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Little Kids Making a Big Difference Through Community Service

Also: Music from the international album ''Playing for Change.'' Transcript of radio broadcast:


Welcome to AMERICAN MOSAIC in VOA Special English.


I'm Doug Johnson.

Today, we play music from a CD that brings together more than one hundred musicians from around the world.

But first, we report about some special young people who have taken on some big causes.


Kids With Causes


While many American children are climbing trees and playing at the pool this summer, a few others are helping people in need. Mario Ritter has our report about kids with causes.


Asperger's syndrome is a kind of autism, a brain disorder found in children. People with Asperger's have limited communication skills. They may have trouble relating to others on an emotional level.

Amanda LaMunyon lives in Oklahoma. She is fourteen years old. She was identified with Asperger's syndrome at the age of eight. She had been having trouble at school. Her teachers said the little girl knew all the rules but could not seem to follow them.

Then, Amanda says, art changed her life. When she started painting she discovered she could express herself with color and canvas. Her art teacher discovered that Amanda had great skill.

Amanda decided to use her art to help children with learning problems. She wants children to know that "their challenges may also become a gift."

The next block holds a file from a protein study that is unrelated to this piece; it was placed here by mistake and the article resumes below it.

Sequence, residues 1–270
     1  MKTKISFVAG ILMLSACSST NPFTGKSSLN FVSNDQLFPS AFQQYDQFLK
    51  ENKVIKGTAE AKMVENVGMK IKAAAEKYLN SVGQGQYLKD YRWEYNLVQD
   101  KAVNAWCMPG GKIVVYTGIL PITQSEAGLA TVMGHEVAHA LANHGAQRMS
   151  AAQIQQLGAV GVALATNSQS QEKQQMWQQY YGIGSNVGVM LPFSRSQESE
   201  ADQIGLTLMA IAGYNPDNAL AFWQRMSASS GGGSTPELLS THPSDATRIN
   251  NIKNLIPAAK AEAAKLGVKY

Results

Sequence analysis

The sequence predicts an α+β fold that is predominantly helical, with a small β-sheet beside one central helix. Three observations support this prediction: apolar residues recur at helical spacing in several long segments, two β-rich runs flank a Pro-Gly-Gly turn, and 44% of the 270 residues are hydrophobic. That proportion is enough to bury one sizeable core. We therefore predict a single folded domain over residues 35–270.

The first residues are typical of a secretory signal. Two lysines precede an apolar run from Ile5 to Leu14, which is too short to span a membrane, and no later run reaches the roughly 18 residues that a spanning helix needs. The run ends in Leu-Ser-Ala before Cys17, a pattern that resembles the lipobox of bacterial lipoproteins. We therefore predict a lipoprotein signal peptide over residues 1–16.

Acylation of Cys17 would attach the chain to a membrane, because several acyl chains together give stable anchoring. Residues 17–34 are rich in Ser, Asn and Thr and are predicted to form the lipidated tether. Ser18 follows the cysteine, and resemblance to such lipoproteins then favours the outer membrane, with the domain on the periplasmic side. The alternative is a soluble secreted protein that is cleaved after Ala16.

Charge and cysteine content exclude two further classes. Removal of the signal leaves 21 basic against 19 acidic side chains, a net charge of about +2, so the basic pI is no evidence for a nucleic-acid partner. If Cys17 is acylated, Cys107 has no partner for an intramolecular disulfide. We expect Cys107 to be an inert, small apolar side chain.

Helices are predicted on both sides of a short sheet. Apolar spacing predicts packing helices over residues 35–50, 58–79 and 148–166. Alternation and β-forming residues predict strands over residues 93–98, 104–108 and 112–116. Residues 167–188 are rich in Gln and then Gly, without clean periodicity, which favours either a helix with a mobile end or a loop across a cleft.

Amanda created a Web site to sell her art. She donates the earnings to organizations that help sick children. She also speaks at events to increase information about Asperger's and other autism disorders. Amanda says she does not want children to ever give up because they do not know what they can do until they try.

Zach Bonner knows just how far trying can get you. Earlier this month the eleven year old completed his biggest charity project to date. He walked almost two thousand kilometers from his home in Florida to Washington, D.C., to raise money for homeless children in America.

He called his project "From My House to the White House." He carried a message to President Obama and lawmakers. He asked for help for the more than one million homeless children in the United States. The walk raised tens of thousands of dollars for Zach's cause.

His mother says Zach has always enjoyed community service work. She says it began when Hurricane Charley hit Florida in two thousand four. Zach decided to help victims by walking around his area with his little red wagon collecting and giving out bottles of water. He got the nickname "Little Red Wagon Boy."

Now, "Little Red Wagon" is the name of Zach's foundation. It has raised money for playgrounds and shelters for homeless children. Zach also gives out thousands of backpacks. He fills each "Zachpac" with a toy, personal cleaning supplies, socks, sewing supplies, a first aid kit and food.

Zach has won many awards, met several presidents and been on television. But that is not why he wants to help people. Zach Bonner says if you have a good heart you have to use it. And, he says, charity work is a lot of fun.

Eighteen year old Christina Johnson and her older sister Geneva started their project, "Bring It On," in the Bronx area of New York City in two thousand four. They wanted to improve the place where they lived. The area was so dangerous their parents would not let them play outside.